Today: a slight change. If you have three and a half free minutes, you can listen to today’s post instead of reading it. Or, if you are more accustomed to reading, take your time, grab a mug of something nice and make yourself comfortable.
Sibilous. In the nicest possible way, that is the soundtrack of a cathedral: like the gargoyle-demons of old, noises lose themselves, and shimmy back and forth against walls, and soar up great pillars and arc in the fan vaulting.
It is a whispering abyss, a great stone tomb of frequencies.
I was sat next to the aisle, cursing myself as I listened to one set of frequencies. A guide, in fact. Never get stuck with the wrong guide. The number of Emergency Evacuation Procedures I have had to carry out, when a guide, whose selectivity and brevity does not match his knowledge and enthusiasm, has you in his clutches. I walk in casing the joint for the escape hatches.
When the group finally got up to leave for the next Point Of Interest I took my camera out and started ostentatiously taking pictures of the font. For a long time. Until the last reluctant captive had shuffled off, inextricably drawn by in the guide’s tractor beam.
And then I slipped off, up the North Aisle of the Nave, on a mission.
Because there is somewhere that has a different sound quality all together, and though I have been coming to this cathedral for 20 years, I have never seen it.
And there is a reason for that.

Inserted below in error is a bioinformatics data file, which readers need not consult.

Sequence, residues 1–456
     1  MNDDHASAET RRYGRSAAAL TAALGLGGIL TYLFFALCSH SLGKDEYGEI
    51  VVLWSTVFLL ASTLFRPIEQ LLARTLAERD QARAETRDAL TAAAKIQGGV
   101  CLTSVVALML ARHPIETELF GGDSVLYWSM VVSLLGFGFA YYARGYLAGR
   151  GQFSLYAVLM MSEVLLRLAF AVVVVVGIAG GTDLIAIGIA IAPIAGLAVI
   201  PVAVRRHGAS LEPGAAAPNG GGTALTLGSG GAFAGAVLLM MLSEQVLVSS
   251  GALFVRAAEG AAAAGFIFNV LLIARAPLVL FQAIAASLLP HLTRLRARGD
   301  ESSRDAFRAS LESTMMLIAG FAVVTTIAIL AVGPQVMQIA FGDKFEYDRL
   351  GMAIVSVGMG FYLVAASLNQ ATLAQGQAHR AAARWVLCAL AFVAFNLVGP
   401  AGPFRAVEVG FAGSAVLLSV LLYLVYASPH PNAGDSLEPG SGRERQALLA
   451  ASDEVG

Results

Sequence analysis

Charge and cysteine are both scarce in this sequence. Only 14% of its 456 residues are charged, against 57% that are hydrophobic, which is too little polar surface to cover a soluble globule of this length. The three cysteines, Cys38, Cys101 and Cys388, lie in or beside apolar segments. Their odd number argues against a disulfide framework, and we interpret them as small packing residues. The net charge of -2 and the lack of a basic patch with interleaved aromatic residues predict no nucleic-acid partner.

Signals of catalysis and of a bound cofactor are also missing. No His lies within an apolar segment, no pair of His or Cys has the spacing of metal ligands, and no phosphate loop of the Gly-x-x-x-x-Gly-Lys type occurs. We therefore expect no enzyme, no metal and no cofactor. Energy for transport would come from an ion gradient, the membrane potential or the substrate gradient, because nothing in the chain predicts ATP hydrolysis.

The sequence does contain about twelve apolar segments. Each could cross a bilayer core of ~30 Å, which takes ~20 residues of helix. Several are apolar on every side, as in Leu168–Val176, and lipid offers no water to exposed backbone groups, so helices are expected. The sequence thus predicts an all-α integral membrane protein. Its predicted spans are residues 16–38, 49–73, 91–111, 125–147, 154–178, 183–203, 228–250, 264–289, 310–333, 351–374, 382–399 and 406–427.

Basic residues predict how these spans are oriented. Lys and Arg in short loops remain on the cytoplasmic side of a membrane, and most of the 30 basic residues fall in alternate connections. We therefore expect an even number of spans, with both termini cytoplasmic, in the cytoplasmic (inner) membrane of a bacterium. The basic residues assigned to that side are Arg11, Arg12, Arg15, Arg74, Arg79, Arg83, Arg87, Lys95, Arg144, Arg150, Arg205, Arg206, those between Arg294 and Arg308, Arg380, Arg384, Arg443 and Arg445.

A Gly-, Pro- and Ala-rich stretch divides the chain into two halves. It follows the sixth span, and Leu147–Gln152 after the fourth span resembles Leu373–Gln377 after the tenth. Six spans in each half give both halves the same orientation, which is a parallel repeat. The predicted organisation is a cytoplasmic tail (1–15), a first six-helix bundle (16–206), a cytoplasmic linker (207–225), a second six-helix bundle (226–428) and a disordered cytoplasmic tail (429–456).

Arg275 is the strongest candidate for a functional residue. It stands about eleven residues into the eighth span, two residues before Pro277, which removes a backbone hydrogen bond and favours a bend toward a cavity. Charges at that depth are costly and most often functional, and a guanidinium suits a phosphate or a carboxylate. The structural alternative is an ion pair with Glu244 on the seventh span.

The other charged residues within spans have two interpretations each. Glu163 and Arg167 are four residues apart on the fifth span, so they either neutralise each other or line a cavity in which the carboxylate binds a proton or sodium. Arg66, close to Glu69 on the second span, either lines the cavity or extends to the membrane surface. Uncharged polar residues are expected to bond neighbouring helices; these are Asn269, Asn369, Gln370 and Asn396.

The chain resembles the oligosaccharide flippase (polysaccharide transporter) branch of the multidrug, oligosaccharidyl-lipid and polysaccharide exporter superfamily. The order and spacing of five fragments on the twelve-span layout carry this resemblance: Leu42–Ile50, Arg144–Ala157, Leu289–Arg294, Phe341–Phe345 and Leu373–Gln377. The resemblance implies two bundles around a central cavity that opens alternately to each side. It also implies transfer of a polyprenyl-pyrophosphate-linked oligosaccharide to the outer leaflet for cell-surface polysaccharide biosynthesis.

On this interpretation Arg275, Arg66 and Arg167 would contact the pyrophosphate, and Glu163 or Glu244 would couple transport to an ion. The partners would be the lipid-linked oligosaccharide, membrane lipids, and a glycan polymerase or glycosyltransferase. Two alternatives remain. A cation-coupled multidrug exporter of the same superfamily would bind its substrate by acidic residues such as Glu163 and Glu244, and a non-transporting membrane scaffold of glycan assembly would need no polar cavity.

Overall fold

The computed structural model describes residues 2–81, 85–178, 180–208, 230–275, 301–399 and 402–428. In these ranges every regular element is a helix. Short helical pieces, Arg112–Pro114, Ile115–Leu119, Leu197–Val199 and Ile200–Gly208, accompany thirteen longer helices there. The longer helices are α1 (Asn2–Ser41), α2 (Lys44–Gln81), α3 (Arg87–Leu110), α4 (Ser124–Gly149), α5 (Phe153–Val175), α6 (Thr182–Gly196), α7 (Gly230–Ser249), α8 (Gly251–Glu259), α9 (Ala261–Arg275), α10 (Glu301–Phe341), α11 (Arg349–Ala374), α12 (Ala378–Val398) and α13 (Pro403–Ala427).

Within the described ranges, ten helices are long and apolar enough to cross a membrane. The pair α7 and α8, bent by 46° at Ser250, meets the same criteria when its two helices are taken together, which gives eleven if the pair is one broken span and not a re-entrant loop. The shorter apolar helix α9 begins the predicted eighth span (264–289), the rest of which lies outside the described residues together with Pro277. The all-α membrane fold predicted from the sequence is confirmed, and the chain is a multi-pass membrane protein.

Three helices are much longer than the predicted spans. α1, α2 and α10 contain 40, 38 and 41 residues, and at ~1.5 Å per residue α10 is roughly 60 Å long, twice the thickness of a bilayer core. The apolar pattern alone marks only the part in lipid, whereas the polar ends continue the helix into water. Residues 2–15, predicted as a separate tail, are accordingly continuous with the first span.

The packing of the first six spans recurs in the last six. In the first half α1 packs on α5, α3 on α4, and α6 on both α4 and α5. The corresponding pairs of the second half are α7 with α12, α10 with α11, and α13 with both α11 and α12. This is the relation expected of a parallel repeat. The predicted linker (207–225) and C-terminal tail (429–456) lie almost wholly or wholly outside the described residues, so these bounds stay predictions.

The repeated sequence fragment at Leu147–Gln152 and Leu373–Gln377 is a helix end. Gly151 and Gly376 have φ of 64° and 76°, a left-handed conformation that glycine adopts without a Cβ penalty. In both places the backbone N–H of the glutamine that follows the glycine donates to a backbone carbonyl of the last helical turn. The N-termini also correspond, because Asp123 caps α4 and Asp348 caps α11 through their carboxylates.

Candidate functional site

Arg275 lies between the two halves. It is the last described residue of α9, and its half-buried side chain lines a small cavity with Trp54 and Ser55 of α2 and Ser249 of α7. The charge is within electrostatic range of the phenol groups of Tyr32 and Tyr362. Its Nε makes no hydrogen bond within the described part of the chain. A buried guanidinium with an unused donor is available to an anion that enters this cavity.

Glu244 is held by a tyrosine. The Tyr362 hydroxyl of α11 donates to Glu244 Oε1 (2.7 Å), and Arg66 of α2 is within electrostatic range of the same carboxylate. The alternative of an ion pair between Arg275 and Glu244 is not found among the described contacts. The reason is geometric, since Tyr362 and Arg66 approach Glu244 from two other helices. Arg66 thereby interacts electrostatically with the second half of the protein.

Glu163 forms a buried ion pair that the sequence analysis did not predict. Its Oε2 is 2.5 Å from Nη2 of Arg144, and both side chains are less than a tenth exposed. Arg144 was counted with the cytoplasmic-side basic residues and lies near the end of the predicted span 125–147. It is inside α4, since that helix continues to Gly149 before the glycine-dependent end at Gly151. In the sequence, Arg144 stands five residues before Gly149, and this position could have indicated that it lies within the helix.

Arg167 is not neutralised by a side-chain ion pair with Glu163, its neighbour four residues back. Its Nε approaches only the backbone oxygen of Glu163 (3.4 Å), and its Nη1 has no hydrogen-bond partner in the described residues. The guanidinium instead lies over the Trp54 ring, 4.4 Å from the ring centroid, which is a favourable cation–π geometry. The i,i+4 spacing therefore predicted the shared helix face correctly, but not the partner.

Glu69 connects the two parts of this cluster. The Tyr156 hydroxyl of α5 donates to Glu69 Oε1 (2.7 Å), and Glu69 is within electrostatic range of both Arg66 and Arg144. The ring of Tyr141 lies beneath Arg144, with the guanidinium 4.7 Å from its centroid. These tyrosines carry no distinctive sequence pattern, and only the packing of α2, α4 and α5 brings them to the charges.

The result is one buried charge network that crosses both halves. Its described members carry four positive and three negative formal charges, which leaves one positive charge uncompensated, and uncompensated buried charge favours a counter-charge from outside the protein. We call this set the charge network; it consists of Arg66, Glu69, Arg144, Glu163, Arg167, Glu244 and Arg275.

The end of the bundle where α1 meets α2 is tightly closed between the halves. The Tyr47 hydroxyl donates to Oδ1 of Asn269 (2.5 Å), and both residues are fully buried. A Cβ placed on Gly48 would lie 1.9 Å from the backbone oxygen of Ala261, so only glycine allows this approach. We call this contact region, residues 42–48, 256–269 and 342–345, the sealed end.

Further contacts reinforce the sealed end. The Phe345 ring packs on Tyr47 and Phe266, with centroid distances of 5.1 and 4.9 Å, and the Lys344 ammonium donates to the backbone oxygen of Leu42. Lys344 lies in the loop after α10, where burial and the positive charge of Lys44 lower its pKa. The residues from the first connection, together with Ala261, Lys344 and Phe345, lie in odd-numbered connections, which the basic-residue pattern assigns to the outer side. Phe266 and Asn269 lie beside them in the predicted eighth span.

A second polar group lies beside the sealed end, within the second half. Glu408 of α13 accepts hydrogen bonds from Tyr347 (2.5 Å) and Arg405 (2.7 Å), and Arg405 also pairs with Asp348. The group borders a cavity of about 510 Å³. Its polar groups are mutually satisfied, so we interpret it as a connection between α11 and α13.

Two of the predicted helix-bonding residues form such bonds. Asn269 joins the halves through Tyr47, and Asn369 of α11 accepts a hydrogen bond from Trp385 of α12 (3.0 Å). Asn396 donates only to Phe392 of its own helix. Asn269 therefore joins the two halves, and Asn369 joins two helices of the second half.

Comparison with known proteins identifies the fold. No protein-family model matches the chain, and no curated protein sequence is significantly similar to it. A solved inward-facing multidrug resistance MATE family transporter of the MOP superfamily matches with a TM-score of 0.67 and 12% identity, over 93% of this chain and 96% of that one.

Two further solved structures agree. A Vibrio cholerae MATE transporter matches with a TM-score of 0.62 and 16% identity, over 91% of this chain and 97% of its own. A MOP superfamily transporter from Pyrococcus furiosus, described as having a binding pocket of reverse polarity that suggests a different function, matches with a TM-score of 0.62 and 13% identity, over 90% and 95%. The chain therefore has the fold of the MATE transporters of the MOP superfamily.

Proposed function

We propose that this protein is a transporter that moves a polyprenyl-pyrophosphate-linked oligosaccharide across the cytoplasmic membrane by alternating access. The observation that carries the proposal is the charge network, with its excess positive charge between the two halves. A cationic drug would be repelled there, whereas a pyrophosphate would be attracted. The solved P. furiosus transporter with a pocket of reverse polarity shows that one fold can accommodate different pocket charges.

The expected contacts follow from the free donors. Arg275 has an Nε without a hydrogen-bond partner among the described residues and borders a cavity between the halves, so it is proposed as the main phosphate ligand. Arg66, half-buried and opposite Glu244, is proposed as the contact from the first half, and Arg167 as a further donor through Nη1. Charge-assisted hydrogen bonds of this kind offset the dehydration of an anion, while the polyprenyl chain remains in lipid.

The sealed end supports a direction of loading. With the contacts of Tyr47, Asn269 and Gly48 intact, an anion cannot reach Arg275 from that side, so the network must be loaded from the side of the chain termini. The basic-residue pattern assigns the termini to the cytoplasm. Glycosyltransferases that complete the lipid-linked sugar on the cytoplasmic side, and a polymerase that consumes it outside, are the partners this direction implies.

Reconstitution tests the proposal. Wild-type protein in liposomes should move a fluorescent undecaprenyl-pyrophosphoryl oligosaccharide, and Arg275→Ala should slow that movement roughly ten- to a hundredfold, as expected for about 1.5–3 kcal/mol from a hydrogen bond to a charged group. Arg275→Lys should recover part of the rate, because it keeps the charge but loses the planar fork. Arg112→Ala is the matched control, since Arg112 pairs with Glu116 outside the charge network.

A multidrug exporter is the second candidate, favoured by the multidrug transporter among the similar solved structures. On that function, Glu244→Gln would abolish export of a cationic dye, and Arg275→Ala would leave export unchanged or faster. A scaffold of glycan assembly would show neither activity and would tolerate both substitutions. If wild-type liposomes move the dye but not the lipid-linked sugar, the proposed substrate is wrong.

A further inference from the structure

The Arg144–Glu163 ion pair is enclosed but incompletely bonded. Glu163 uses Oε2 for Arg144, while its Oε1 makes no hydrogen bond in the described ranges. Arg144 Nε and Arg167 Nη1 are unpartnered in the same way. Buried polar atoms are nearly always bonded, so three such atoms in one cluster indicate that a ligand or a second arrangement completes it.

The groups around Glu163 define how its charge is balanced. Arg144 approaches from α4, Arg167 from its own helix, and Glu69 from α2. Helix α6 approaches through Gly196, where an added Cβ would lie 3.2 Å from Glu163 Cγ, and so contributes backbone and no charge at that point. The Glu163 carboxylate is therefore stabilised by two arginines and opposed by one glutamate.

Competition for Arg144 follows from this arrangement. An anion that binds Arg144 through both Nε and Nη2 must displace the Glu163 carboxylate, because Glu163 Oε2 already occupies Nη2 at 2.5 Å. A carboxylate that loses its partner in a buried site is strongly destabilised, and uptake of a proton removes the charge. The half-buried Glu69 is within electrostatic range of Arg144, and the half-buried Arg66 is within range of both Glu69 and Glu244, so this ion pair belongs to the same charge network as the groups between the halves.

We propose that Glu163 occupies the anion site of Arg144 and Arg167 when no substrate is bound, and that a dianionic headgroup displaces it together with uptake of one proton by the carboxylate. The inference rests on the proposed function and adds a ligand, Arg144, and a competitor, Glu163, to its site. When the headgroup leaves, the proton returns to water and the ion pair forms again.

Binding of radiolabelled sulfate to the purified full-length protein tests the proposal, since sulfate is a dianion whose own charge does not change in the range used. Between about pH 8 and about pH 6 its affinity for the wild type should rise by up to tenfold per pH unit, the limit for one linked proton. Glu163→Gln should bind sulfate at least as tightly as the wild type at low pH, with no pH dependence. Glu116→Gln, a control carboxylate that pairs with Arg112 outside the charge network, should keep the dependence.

Winchester Cathedral Crypt is not a vault-ceilinged candled cellar, like those crypts we all know so well. It is not a place where services can be held, or prayers said, other than hasty ones muttered with the inexplicable urge to check over one’s shoulder.
I think I have told you of King Cyneglis, who was baptised a stone’s throw from where I live. But where I live was not where he chose to develop Christianity. Rather, he headed to the great old settlement of Winchester.
Winchester is not built on hard, immoveable rock. The cathedral sits on a flint-and-chalk combination which ultimately sits on a very concentrated peat. When the great place of worship was built, in the second half of the 11th century, it was a very dry time. The builders made a great raft of beech to hold their precious creation. But more than a centuries later, the rains hit again, and the water began to rise.
And the crypt began to fill with water.
It happened so often, that it became routine. Though the whole place was shored up with concrete bags by a heroic diver in the 19th century, the water can still rise right up the steps, lapping at the path to the nave.
I found another guide. A clever, succinct guide who took a small group of us around this extraordinary place. No member of the public can come down without a guide. You have to walk on special matting to avoid damaging the floor. There are two mediaeval wells hiding down there, and the remains of a roman road, and statues of St Swithun propped up against the walls.
There are incredible sculptures by renowned artists. Sound II stands memorably there, a tall, lithe black figure in the main walk, sometimes with dry feet, sometimes up to its waist in water. Starkly beautiful, and eerie in the extreme.
It is a profoundly memorable place. A sacred bank of mans memories stretching back to 1093 and further. A higgledy-piggledy storage place with the effortless grace of the very privileged.
And if you are ever in that neck of the woods, you simply must not dream of missing it.